Competing Archaeologies. Traces and Representations of 20th Genocides

Activity: Lecture / PresentationAcademic


The Materiality of Conflict
Aims, methods and theory of conflict archaeology from prehistory to modern times
In the past two decades we have witnessed the rapid development of a new field of archaeological research, commonly labelled as conflict archaeology. It has its origins in the study of battlefields and other conflict-related phenomena in the modern and pre-modern periods, but numerous studies have already made clear that this theme, its methods, techniques and theories are also relevant for older historical and even prehistoric periods. However, the material dimension of mass violence and conflict still is an underexplored field of study, certainly in Dutch archaeology. This symposium aims to give an up-to-date overview of the potentials, the scope and the limitations of conflict archaeology. VU University Amsterdam / University of Amsterdam Target group: master and research master students, PhD-students, staff of ACASA and ARCHON
The program offers a broad range of papers from the prehistoric period up to the Second World War, and has a focus on methodological and theoretical issues. Questions that will be addressed are: how can we identify battlefields?, how essential is the availability of documentary evidence? What is the potential of a landscape-archaeological approach in this field of research? Has archaeology something to offer to the study of genocide in the past? How important are ritual depositions related to conflict?
Each paper will have 30 minutes, including at least 5 minutes for questions. We will finish the program with a general debate.

09.00 - 09.45 Thea/coffee
09.45 - 10.00 Nico Roymans (VU University Amsterdam): Welcome and Introduction
10.00 - 10.30 Gabriel Moshenska (UCL London): A short history of the development of conflict Archaeology
10.30 - 11.00 Augusta McMahon (Cambridge University, UK): Violent conflict during the growth of early city-states. Late Chalcolithic mass graves at Tell Brak, Syria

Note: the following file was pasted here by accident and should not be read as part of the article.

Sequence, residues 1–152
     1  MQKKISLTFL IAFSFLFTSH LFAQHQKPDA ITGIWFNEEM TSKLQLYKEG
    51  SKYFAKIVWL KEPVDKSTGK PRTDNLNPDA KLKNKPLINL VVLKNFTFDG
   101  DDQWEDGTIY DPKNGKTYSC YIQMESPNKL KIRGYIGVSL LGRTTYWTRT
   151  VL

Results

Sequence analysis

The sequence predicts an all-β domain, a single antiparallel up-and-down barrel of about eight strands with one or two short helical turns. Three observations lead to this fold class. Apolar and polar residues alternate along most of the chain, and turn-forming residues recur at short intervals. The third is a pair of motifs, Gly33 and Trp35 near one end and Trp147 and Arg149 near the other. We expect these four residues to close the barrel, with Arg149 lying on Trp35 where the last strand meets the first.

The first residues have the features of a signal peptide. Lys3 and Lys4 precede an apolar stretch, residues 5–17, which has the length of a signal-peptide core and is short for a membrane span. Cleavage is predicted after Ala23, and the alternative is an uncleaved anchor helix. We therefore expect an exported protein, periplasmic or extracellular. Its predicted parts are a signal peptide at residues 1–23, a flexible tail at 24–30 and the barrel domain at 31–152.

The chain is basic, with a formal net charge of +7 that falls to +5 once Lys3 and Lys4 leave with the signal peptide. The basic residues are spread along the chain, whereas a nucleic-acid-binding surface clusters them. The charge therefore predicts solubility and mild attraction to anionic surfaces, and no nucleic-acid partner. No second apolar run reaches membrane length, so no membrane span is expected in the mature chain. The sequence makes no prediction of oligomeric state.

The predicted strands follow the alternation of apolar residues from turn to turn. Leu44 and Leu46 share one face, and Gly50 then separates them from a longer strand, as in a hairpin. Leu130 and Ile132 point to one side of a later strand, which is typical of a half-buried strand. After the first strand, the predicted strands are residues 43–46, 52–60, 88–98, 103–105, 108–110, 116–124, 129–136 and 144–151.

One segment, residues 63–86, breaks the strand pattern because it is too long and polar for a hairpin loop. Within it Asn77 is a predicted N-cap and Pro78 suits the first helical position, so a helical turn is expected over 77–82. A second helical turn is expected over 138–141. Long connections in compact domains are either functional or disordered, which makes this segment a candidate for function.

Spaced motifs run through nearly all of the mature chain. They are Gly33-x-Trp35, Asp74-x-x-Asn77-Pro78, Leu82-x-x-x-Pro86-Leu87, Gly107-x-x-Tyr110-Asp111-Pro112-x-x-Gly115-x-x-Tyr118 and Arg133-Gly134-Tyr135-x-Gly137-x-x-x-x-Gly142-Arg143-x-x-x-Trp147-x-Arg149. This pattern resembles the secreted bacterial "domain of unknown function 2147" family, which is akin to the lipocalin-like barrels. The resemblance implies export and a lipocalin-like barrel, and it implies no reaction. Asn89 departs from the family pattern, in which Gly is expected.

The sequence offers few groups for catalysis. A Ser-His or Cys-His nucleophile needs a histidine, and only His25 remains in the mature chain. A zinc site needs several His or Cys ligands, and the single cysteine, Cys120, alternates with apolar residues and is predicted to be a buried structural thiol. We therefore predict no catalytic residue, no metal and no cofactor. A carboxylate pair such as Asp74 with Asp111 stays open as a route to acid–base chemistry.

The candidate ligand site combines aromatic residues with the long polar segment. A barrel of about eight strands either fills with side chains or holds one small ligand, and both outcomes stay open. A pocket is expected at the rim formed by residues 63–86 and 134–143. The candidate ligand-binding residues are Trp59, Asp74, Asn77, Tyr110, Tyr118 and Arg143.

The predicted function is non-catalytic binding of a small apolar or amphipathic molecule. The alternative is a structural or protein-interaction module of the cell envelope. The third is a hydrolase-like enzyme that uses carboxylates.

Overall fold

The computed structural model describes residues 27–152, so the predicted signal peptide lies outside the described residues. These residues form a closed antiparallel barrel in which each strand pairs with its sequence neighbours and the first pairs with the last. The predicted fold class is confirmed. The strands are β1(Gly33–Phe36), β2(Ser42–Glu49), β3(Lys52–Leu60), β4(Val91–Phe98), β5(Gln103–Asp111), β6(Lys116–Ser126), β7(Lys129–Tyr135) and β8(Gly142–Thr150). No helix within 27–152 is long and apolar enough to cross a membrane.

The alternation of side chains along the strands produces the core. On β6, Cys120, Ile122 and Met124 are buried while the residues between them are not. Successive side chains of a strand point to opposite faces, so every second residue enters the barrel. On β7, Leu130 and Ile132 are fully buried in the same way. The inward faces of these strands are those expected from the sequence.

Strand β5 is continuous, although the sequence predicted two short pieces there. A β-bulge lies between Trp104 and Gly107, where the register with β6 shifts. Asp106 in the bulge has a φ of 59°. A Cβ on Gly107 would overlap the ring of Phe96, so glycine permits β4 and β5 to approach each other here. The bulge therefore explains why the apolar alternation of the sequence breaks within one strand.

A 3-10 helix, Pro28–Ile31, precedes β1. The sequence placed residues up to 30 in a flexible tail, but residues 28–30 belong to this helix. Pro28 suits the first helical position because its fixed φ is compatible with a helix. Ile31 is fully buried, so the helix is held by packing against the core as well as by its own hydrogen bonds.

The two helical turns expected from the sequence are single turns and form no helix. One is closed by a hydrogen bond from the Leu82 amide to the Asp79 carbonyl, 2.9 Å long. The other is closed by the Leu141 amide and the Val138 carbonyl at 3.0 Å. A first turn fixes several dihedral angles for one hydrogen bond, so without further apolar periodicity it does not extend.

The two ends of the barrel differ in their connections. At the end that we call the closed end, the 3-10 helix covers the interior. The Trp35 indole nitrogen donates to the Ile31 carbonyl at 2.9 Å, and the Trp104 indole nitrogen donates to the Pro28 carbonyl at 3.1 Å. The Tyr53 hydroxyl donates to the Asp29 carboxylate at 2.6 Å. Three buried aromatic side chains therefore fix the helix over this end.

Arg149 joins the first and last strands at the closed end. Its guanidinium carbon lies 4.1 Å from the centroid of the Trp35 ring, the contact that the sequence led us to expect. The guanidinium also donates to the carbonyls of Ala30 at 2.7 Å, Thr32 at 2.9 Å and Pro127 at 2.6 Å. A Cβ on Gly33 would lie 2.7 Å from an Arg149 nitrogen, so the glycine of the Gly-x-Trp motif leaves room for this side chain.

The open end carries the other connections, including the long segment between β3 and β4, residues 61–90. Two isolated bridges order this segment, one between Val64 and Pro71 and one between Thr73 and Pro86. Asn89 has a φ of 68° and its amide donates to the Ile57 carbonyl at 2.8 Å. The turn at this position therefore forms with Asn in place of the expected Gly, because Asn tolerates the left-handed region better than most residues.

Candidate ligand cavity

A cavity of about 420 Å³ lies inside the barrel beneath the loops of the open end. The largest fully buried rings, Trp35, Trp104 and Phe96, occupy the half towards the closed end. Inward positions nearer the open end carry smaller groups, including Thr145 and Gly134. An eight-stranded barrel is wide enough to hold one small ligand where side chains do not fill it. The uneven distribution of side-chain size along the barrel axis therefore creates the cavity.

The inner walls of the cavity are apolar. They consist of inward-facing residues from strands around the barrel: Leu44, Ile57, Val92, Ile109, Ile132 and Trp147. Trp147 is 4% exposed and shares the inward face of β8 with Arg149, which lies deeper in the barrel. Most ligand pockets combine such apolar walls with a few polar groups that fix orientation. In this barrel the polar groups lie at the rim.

11.00 - 11.30 David Fontijn (Leiden University): On the cultural perception of warfare and warriorhood in the European Bronze Age
11.30 - 12.00 Michael Meyer (Freie Universität Berlin): The Roman battlefields of Kalkriese and Harzfeld
12.00 - 13.00 Lunch
13.00 - 13.30 Nico Roymans/Manuel Fernàndez-Götz (University of Edinburg, UK): Caesar’s Gallic Conquest and the archaeology of mass violence and genocide
13.30 - 14.00 Tim Sutherland (University of York, UK): Checkmate: comparing the skeletal evidence of the death of King Richard III with other medieval weapon trauma
14.00 - 14.30 James Symonds (University of Amsterdam): The archaeology of deserted villages during the 30-Years War in Central Europe
14.30 - 15.00 Thea/coffee
15.00 - 15.30 Jan Kolen (Leiden University): The archaeology of recent terrorscapes
15.30 - 16.00 Max van der Schriek (VU University): The archaeology of industrial warfare. Methods and techniques
16.00 - 16.30 Rob van der Laarse (University of Amsterdam): Competing archaeologies. Traces and representations of 20th century Holocaust & other genocides
16.30 - 17.00 James Symonds: Final discussion
17.00 - 18.00 Drinks
Period24 Apr 2015
Event titleThe Materiality of Conflict. Aims, Methods and Theoryof Conflict Archaeology from Prehistory to Modern Times (ACASA / ARCHON)
Event typeLecture
Degree of RecognitionInternational